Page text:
BARNSLEY youngsters are among more than 115,000 pupils who have benefited from the ground-breaking Generation Green project.
Pupils from Joseph Locke Primary School, Oakwell Rise Primary Academy and Worsbrough Common Primary School had an adventure away from home at youth hostels in the Peak District and Yorkshire Dales where they enjoyed a Connecting to Nature residential.
Their experience was funded by the £2.5m project which prioritised young people living in areas of deprivation, black and minority ethnic groups, and those from disadvantaged backgrounds.
For many of the young people involved Generation Green activities over the last 16 months, it was the first time they had had the opportunity to connect with nature.
In addition to 39,476 residential and day trips, Generation Green provided funding for 33 jobs and training for 767 skilled volunteers and outdoor leaders throughout the project,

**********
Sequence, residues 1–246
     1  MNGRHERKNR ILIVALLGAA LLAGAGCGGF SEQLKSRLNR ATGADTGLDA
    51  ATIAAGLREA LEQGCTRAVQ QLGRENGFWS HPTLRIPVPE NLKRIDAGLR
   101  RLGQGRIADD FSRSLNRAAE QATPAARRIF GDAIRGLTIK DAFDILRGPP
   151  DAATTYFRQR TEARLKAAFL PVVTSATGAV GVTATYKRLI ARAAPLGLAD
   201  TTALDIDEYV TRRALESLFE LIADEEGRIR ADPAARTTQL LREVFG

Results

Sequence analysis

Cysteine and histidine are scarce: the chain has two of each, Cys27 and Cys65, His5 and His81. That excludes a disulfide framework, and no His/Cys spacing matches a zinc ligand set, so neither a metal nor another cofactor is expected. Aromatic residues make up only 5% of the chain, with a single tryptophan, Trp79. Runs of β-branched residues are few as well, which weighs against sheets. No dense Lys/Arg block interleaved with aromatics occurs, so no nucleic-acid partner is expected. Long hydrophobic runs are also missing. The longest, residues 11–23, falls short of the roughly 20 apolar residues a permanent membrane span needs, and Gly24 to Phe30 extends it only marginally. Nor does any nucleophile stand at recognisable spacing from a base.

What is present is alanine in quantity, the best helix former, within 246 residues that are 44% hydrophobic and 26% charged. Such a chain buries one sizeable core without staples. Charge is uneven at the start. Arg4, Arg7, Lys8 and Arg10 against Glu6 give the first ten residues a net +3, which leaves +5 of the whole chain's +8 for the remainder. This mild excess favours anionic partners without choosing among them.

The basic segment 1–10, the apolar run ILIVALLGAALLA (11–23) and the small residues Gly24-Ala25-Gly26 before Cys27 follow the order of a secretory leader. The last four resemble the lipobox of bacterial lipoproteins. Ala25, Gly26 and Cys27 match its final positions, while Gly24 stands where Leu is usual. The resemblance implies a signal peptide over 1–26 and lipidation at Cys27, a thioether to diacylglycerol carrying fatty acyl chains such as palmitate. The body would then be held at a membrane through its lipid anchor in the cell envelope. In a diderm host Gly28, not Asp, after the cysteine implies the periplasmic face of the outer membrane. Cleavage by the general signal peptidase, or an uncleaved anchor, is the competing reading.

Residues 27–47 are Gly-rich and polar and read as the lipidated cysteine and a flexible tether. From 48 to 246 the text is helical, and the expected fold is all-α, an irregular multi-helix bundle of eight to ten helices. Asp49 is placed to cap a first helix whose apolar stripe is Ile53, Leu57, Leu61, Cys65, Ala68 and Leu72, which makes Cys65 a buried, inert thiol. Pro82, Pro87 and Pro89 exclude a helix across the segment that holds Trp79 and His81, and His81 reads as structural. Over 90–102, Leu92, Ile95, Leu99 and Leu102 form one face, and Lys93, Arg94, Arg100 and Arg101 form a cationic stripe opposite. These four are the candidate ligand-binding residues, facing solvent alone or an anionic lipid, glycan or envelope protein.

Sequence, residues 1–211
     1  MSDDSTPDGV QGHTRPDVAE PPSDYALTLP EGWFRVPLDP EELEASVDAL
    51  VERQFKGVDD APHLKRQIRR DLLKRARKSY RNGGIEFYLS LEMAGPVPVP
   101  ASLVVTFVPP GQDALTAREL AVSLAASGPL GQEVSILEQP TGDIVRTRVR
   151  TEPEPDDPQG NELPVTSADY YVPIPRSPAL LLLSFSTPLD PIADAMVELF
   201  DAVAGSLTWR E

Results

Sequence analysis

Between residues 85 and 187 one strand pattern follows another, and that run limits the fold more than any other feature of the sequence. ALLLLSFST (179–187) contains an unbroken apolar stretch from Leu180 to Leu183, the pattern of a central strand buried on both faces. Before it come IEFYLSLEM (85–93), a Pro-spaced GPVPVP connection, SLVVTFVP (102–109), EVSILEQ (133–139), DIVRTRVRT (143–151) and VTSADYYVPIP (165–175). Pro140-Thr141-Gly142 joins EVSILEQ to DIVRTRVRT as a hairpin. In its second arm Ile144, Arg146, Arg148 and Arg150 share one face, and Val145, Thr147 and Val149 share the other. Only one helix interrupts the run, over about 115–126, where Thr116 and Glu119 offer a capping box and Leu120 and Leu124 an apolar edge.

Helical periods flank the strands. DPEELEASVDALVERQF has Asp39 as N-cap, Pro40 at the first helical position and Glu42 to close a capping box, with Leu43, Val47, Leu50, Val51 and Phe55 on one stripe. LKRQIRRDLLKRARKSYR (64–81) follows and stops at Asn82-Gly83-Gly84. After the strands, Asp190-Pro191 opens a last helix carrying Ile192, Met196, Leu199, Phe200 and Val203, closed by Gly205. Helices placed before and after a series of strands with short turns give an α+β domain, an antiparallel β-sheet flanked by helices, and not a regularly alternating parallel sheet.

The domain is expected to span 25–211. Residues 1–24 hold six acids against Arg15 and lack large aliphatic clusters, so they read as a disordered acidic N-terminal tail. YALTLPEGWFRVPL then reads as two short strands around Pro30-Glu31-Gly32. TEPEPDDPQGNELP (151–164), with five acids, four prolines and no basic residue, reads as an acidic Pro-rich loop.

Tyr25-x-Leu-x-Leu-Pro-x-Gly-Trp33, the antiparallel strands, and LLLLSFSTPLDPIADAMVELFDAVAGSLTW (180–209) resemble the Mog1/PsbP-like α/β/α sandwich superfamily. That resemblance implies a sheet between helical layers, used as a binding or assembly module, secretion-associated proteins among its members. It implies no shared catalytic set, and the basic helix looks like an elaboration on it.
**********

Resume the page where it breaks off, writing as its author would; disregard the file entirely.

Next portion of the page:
The project delivery partners - YHA (England and Wales), Girlguiding, Scouts, Field Studies Council, The Outward Bound Trust and the ten National Parks - are now calling on the government to fund more life-changing experiences in nature and the outdoors for children and young people.
As well as youth hostels stays, thousands of young people across England took up opportunities to connect with nature through a number of funded projects offered by the project delivery partners.
Anita Kerwin-Nye, Generation Green sponsor, said: “Together we have made great strides in 16 months, but this should be the start and not the end.
“Through the delivery of Generation Green, we have developed a tried and tested, and successful model to connect children and young people with nature.
“At a time of limited resource this is a model of where charity collaboration rather than competition increases impact.
“The reach, outputs and outcomes speak for themselves.”